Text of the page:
2. Invoking Sympathy. Small movements can be a subterranean way of engendering sympathy for characters who evoke a mixed response. An example here could be an embittered woman speaking hard truths to a child, but having that woman’s hands open for a moment, then close as if with regret. Imagined actions can be even more subtle – those considered and not taken – as contemplated within a close point of view. In Olive Kitteridge by Elizabeth Strout (p. 180): “She would like to rest a hand on Marlene’s head, but this is not the kind of thing Olive is especially able to do. So she goes and stands near the chair Marlene sits on, gazing out that side window there, looking down at the shoreline….” Olive’s urge to touch Marlene makes her sympathetic, but her inability to do so is heartbreaking.

3. Creating Layers. Gestures and staging can contrast with narration and dialogue to set up an unreliable narrator, in books such as Gone Girl by Gillian Flynn and The Girl on The Train by Paula Hawkins. They act as our clues. Contrasts like these can also be mined for irony and humor or built up to increase the tension. Jennifer Egan does both in A Visit from the Goon Squad (pp. 180-183) when, in contrast to the typical back and forth of an entertainment interview, the reporter keeps taking little inappropriate actions such as staring at the movie star’s legs. Finally, he experiences an urge to push her back on the grass and then does, which launches a scene of full-blown action, while retaining the tone of dark absurdist comedy.

4. Marking Transitions. Movement can be of great practical use to a writer. For instance, small actions can be used in place of attributions like “said.” Movement draws the reader’s attention; we assume whoever moves is the one who speaks. Similarly, gestures can help us to transition between current time and memory or between dialogue and thought. Not only does movement draw the eye, a gesture can carry a sense of intimacy that invites us deeper. In Colum McCann’s Let the Great World Spin (p. 330), we move seamlessly from outside to inside the character of Jaslyn: “She rubs her hands together, nervously. Why, still, this small feeling of tightness at her core?”

5. Inspiring Discoveries. Gestures are easy for writers to improvise – to try on, if you will. They may open up paths we didn’t know we were on. They encourage us to surprise ourselves by making our scenes more real and vivid and may lead us to unexpected discoveries. All of us – writers as well as readers – interpret body language without consciously meaning to. Remember always to picture how your characters would move as they speak and listen and think, and you may find yourself learning something important and new about them.



Writing as a Full Body Experience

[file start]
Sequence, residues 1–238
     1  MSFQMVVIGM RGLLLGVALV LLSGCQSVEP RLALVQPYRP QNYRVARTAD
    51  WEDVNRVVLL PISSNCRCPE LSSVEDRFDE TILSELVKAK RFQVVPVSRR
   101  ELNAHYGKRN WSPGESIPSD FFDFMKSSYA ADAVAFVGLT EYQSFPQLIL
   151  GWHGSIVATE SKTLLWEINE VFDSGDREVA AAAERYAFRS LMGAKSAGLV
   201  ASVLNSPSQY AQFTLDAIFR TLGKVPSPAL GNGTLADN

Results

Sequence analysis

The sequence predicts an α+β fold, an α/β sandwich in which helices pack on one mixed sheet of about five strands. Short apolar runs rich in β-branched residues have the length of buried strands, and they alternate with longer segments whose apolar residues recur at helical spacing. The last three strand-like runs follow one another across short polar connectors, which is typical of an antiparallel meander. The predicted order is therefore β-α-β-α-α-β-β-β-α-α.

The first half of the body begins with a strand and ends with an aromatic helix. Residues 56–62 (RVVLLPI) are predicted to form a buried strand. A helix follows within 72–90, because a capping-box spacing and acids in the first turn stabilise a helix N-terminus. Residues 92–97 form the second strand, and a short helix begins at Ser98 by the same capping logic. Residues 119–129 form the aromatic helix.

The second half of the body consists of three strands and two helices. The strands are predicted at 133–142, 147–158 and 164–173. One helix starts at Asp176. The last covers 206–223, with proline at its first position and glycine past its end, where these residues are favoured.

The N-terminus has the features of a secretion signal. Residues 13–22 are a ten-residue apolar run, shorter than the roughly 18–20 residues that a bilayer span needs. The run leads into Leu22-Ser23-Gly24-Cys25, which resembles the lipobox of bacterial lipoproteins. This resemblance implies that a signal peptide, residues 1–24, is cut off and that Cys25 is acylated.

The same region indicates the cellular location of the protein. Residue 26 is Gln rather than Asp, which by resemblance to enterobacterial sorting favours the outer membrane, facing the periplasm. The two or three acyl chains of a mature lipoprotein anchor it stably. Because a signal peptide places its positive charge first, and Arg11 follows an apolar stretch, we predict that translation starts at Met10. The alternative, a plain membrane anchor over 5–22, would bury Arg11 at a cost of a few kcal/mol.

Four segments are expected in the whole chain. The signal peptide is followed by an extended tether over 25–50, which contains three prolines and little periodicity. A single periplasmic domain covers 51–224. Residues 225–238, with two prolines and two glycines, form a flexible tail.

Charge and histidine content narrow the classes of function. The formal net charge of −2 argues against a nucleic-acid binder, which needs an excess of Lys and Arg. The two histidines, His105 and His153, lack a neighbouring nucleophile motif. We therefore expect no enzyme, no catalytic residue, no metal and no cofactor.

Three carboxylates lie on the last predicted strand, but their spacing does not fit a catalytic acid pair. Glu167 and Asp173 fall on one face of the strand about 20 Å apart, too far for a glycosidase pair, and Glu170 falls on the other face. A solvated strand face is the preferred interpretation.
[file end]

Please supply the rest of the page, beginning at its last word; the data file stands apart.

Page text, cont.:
Photo courtesy of Luc Viatour / www.Lucnix.be
Photo courtesy of Luc Viatour / www.Lucnix.be

Writers have to learn to work on more than one level. At the same time we’re writing, we’re also reading – we’re both creating and reacting. While my mind keeps track of the story and the character’s progress through a scene, my heart is connected to her mood and my gut is registering tension. All my senses are alert to what her senses would be. (I could add that my hands are typing, but you get the idea.) If I have a character say something that doesn’t suit her state of mind, I get a sense of disconnection which tells me that I have to go back. If the tension flatlines, the first clue is that my stomach has unclenched. To some, this full body approach to writing comes naturally, but it can be an acquired skill. Often I go over a scene numerous times, focusing on three levels in particular.

First, the heart check: is the character carrying forward her emotional experience up to this point? If something angered her in the last chapter, that should still be throwing off some heat. If she’s anxious, that should color what she says. If the story is in first person or close third, then everything in the scene should be filtered through her state of mind, even the description of objects. The most effective and authentic way to accomplish this is to carry that state of mind inside yourself. This will allow you to go beyond the analytic (she should) and experience the filtering directly in an act of sympathetic imagination (she would). I assign this to my heart simply as a way of ordering the experience. What I’m talking about here is deep identification with our characters.

Next, the gut check: is there tension? Would a reader need to read on? Is there a mystery, a worry, an unfulfilled desire, a conflict, or even just a disquieting imbalance, something that a reader would want to see through? As writers, we must try to anticipate the sensation of reading our work as honestly as we can. To captivate others, we have to captivate ourselves. As you write, is your stomach so tense that the world outside falls away? Or do you find yourself starting to skim? The feedback of your body doesn’t lie. I assign this one to my gut, which is where I actually experience this kind of independent processing. What I’m talking about here, of course, is our identification with our readers.

Last, I return to the mind, which is also where I start. The mind has the biggest job. Character development, dialogue, plot, setting, language, metaphor, the list goes on and on…. Writing is submersive. You have to bring all your talents and faculties to bear. But that is how we can spend so many hours by ourselves at the computer, or with nothing but pen and paper. We carry inside us more than one experience, more than one person. We create a world outside ourselves by expanding the one inside.